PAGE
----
Donna Starr Christen College of Healthcare, Fitness & Science
Glenda (Kennedy) Corrigan
Glenda (Kennedy) Corrigan received the Distinguished Alumni Award from the Donna Starr Christen College of Healthcare, Fitness and Sciences. Corrigan is a 1964 alumna who has devoted her life to children, first as a teacher and later as a mother and grandmother. She was born in West Liberty, Iowa, and attended DWU, where she received her Bachelor of Arts degree in 1964 and began a career in education. It was during her years teaching in Cedar Rapids, Iowa, that she met Fredric “Fritz” Corrigan, and they married in 1969.
They have three children, Amy, Molly and Tom, and six grandchildren. Her life has revolved around her family and the success of their business. She stayed active in education by volunteering in her children’s classrooms, serving as a Brownie Leader and coaching girls’ basketball. She also served on the board of Team Gilboa, her daughter’s U.S. Ski Association ski racing club. When her children reached high school age, she chaired the Edina High School Career Center, and has also served as the head of new member orientation for the Junior League of Lexington, Ky.
Family, education and health have always been important to the Corrigans and it is in the spirit of these that they chose to invest in the future of Dakota Wesleyan and its students by making a transformational gift of $5 million toward the new Glenda K. Corrigan Health Sciences Center. A groundbreaking ceremony for the building will take place at noon, Friday.
Glenda and Fritz were also awarded the Legacy Award, an award given to those who have ensured their legacy at DWU with a cumulative gift of $5 million or more since 1986. The limestone tile is an etched replica of the sandstone pillar at the opening of Memory Lane in front of Smith Hall. The tile exemplifies the university motto of “Sacrifice or Service.
Carol Nogle Lucas
Carol Nogle Lucas received the Distinguished Alumni Award from the College of Healthcare, Fitness and Sciences. Lucas, originally from Verdon, graduated from DWU in 1961 with a major in mathematics and minors in Spanish and chemistry. Following a short teaching career, she became a junior systems analyst for Cargill Inc. in Minneapolis from 1962 to 1965. After acquiring her master’s degree in mathematics and Ph.D. in biomedical engineering and mathematics, she has held several research and teaching positions at the University of North Carolina, including being the chairman of the department of biomedical engineering from 1989 to 2001.
She has received many honors and awards, including two Founders Awards from the North Carolina Heart Association, and has been listed in Who’s Who of American Women. She was named Dakota Wesleyan University’s 1994 Alumna of the Year and was selected in 1995 to speak at DWU’s first annual Opperman Alumni Lecture. She also served on the board of trustees. In 2008, an alumnus of the University of North Carolina biomedical engineering program, Dr. Janie Fouke, signed a letter of intent to establish the Carol N. Lucas Professorship in Biomedical Engineering.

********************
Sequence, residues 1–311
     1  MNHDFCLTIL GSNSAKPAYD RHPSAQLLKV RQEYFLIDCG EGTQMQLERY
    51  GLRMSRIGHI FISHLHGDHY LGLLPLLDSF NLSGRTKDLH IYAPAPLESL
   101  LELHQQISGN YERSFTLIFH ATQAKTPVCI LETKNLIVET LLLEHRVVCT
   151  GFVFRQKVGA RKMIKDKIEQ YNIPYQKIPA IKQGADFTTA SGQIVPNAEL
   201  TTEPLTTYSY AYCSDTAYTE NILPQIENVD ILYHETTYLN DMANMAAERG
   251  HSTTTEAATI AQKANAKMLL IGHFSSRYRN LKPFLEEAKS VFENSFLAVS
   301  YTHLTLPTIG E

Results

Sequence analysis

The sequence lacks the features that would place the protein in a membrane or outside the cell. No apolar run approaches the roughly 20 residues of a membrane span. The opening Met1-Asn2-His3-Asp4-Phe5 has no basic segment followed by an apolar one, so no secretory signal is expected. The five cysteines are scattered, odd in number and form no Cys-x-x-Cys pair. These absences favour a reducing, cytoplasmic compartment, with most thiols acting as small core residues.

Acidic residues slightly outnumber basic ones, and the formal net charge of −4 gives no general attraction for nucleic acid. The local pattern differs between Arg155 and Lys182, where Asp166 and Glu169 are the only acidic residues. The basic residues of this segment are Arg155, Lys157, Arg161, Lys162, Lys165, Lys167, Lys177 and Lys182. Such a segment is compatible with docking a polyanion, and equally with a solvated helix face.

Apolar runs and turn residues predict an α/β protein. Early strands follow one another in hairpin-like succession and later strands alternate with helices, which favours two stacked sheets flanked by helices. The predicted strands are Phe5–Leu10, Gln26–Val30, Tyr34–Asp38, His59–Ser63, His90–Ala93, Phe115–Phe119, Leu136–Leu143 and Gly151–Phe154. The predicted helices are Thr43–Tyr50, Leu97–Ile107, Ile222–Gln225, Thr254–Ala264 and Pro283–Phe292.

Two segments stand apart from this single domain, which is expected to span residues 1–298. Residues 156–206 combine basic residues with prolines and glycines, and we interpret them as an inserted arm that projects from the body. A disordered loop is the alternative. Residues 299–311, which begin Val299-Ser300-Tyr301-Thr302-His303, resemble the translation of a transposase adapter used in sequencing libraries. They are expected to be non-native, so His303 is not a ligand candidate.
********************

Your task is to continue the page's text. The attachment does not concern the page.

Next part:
She has served on numerous biomedical committees at the state, national and international level. She has authored and co-authored medical books and articles, papers and abstracts for medical journals. Lucas has also given more than 100 presentations at medical conferences and conventions. She is also the proud mother of Wendy Riggsbee, RN, and Sean Lucas, MD, and grandmother to three grandchildren.
Though she has been professor emeritus since 2007, she continues to enjoy serving on University of North Carolina committees and National Science Foundation panels.
Ted Roman received the Distinguished Alumni Award from the College of Healthcare, Fitness and Sciences. Roman graduated from Dakota Wesleyan in 1956. He served as student body president, graduated summa cum laude and was named the Scotchman his senior year. In 1959, he married Helen Marquardt.
Roman earned his medical degree from Columbia University in New York.
His passion for medicine led him to a varied and successful career, beginning with his first physician’s position as a commissioned officer at the Division of Indian Health in Rosebud. His career took him to Rochester, Minn., and eventually to Sioux City, Iowa, where he established the first open heart surgery service.
Following an extensive illness, his wife passed away in 2002. He then married Chrystl Porter in 2003.
Feeling called to serve where most needed, Roman came out of retirement and moved to Eagle Butte in 2009 so he could work full-time on the Cheyenne River Indian Reservation, an area he had learned was without an acting physician.
Ted is now serving as a member of the DWU Board of Trustees for the second time. He has three grown daughters and nine grandchildren.